The benefits of sensopathic play
Encouraging your kids to use their hands to create through sensopathic play can actually help them learn as well.

There are so many body parts that we don’t truly realize we use as often as we do because it’s just, well, there.

Like our nose, which we’re only really aware of during hay fever season, or our ears that we only mention when the altitude is changing or they’re filled with pool water after a lengthy swim.

Another important body part that we often take for granted and don’t realise we need for mundane tasks in our day-to-day lives, however, is our hands, of course.

Our hands can even help us develop thoughts and ideas, through embodied learning.

Maria Montessori, the physician and educator who came up with the teaching philosophy and approach that we now know simply as the Montessori system, knew full well the idea of embodied learning. Embodied learning can be defined as the learning technique which combines the mind and body to enhance the learning experience. She therefore said that:

“Movement, or physical activity, is thus an essential factor in intellectual growth, which depends upon the impressions received from outside. Through movement we come in contact with external reality, and it is through these contacts that we eventually acquire even abstract ideas.”

It therefore makes sense that Montessori education focuses largely on practical experiences in a prepared environment to help nurture a child’s intellect, as well as their social and psychological skills and abilities.

Thus, according to professor of psychology Sian Beilock, the way we use our hands even affects our brain.

Using your hands can often help children process certain ideas and even respond quicker within a learning environment. 

If we consider how, when we’re growing up, we learn how to do basic maths and we end up counting on our fingers, for example, this becomes somewhat easier to understand.

When we count on our fingers, we make a certain connection with our brain because the part of the brain responsible for numerical representation also controls finger motion. So we're sending certain signals to our brain that helps us develop particular thoughts.

So while kids are moving further and further away from using their hands to pick something up and feel it between their fingers, unless it’s a tablet or mobile phone, of course, this research reveals just how important it is to encourage kids to use their hands.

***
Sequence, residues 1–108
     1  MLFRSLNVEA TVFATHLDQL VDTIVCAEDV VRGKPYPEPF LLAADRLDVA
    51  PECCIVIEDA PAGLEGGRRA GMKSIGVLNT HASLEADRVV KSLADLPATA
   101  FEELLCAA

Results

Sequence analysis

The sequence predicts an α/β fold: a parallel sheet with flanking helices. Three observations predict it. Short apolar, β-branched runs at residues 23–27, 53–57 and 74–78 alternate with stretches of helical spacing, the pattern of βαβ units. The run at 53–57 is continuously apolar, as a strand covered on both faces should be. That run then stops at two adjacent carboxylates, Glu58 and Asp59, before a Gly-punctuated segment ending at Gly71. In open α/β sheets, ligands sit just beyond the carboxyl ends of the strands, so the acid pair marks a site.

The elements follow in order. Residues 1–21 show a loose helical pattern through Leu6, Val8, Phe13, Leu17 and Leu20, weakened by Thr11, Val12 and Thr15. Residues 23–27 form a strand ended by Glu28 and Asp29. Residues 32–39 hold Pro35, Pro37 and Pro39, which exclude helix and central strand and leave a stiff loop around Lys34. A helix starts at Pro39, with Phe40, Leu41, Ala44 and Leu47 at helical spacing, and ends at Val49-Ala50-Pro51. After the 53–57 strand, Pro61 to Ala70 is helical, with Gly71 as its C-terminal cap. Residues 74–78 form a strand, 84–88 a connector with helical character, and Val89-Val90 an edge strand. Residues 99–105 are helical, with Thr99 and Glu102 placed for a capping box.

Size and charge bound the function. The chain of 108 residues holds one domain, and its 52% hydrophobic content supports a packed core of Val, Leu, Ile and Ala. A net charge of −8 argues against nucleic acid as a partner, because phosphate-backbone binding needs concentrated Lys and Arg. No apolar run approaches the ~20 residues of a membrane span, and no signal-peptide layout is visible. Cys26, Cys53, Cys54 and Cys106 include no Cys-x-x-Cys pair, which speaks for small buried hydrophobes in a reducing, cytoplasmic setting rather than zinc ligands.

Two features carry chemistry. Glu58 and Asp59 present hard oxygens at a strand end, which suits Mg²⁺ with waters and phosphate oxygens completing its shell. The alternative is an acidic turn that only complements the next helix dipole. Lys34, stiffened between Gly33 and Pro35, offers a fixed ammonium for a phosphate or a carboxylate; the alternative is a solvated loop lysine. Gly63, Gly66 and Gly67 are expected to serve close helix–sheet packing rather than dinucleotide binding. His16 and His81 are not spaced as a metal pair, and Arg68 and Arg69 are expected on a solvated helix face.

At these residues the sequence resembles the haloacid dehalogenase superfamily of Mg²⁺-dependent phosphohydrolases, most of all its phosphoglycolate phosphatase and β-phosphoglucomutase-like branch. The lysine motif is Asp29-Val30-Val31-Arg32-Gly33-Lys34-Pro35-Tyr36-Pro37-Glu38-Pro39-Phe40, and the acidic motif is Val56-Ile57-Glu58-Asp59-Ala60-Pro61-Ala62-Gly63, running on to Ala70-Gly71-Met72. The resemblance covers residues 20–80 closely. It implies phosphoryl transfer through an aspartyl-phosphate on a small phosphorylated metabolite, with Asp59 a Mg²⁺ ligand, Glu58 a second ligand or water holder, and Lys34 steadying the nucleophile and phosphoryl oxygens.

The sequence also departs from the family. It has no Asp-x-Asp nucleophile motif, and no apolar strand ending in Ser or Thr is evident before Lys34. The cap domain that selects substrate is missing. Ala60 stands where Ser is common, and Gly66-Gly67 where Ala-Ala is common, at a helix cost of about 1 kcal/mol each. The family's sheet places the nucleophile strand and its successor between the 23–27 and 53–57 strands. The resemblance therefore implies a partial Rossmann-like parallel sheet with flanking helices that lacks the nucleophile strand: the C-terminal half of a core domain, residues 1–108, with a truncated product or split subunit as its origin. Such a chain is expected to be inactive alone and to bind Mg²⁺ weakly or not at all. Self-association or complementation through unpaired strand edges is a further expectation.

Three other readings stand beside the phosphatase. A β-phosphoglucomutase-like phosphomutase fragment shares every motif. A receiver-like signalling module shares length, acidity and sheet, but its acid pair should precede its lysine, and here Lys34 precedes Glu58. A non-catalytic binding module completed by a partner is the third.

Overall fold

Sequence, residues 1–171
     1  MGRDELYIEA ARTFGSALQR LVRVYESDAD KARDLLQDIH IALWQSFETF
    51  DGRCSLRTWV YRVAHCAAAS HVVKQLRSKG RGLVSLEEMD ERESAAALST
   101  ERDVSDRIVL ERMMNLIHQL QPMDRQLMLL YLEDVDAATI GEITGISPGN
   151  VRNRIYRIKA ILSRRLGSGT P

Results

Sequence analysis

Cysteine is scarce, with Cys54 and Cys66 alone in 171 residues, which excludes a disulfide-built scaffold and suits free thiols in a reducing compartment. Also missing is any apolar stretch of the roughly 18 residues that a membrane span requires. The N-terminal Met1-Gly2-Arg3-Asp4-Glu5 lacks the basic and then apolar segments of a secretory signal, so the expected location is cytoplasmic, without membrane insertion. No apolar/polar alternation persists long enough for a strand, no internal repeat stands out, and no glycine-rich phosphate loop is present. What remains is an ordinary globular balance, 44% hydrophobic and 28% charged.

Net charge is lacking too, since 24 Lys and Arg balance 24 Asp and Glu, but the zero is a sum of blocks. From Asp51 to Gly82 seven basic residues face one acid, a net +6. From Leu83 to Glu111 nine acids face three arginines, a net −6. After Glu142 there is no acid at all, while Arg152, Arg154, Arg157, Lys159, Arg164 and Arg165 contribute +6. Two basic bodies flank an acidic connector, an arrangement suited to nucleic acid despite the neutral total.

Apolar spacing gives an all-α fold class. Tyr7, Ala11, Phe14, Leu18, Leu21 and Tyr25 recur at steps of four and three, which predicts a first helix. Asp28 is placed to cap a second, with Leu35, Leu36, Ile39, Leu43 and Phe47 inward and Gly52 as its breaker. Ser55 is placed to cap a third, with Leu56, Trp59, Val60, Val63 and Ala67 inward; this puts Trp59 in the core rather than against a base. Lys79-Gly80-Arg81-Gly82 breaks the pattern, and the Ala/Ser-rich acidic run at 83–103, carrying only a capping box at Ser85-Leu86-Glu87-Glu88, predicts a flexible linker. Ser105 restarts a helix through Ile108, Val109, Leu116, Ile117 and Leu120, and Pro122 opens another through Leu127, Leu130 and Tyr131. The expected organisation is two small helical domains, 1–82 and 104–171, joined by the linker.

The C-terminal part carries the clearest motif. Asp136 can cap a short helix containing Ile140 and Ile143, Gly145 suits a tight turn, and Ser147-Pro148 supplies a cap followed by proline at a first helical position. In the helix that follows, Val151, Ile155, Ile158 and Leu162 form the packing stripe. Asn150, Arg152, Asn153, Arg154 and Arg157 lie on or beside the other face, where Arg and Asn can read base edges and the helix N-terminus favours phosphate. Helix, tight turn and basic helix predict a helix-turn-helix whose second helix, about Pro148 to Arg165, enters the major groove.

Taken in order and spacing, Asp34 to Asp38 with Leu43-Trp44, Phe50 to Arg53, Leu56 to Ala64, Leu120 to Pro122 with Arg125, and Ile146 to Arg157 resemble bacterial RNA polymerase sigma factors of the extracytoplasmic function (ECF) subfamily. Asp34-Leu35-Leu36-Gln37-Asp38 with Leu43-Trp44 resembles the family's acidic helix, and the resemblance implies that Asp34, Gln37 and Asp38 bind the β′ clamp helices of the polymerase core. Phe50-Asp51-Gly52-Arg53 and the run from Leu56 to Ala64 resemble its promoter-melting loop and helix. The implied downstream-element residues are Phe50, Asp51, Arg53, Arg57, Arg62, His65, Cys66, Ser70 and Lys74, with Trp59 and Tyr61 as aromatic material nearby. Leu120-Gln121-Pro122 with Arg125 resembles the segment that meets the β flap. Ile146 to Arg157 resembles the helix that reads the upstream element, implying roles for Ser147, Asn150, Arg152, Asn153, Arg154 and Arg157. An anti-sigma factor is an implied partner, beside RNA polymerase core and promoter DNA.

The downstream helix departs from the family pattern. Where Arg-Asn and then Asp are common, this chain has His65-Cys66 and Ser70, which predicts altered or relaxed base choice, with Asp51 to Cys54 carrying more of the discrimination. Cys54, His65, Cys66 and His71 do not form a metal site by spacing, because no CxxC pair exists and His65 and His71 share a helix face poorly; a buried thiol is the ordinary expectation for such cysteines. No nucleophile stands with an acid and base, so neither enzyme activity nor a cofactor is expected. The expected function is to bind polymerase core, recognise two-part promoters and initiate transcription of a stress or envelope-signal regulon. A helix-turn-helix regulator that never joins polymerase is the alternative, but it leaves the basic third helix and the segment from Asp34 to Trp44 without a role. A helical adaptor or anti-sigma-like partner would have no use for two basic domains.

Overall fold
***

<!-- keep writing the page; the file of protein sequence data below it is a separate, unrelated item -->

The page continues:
It is strongly recommended that parents encourage sensopathic play – play with things such as plush toys and dolls, finger paints and play dough, where kids end up using the biggest sensory system in the body: their sense of touch.

“Sensopathic play is a very real, concrete and experiential way to learn through personal experience. And as Albert Einstein said: ‘Learning is experience. Everything else is just information’,” explains parenting expert Nikki Bush.

“Screens don’t provide three-dimensional learning. And these days a 4-year-old can play a shape matching game on a tablet, but can’t do it in the real world. Similarly, a 5-year-old can build a 64-piece puzzle on a computer game, but struggles to build a puzzle in class.”

You can introduce sensopathetic play in simple ways in the home by encouraging kids to do new and exciting things with crafts by painting, drawing and making things with play dough.

And you too can enhance the sensory experience for them by simply drawing on their back during bath time.

There are also plenty of toys you can buy that facilitate sensopathic play. Dozens of toy manufacterers and even the big toy stores like Toy Kingdom dedicate entire ranges to kids using their hands to play, create and learn.

So parents get their kids to put down those devices and use their hands! For as Bush explains:

“Every child needs an opportunity to experience the world in a very real sense and through the sense of touch. By ignoring sensopathic play, your child will not learn as effectively as when they are fully, physically engaged in their own learning creating meaningful experiences… Balance children’s time on screens with even more time doing real activities in real time with real objects and real people and you’ll be surprised at the results.”

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Do you have any other cool and innovative ideas as to how parents can introduce sensopathic play in the home? Tell us by emailing to and we may share it with our readers.

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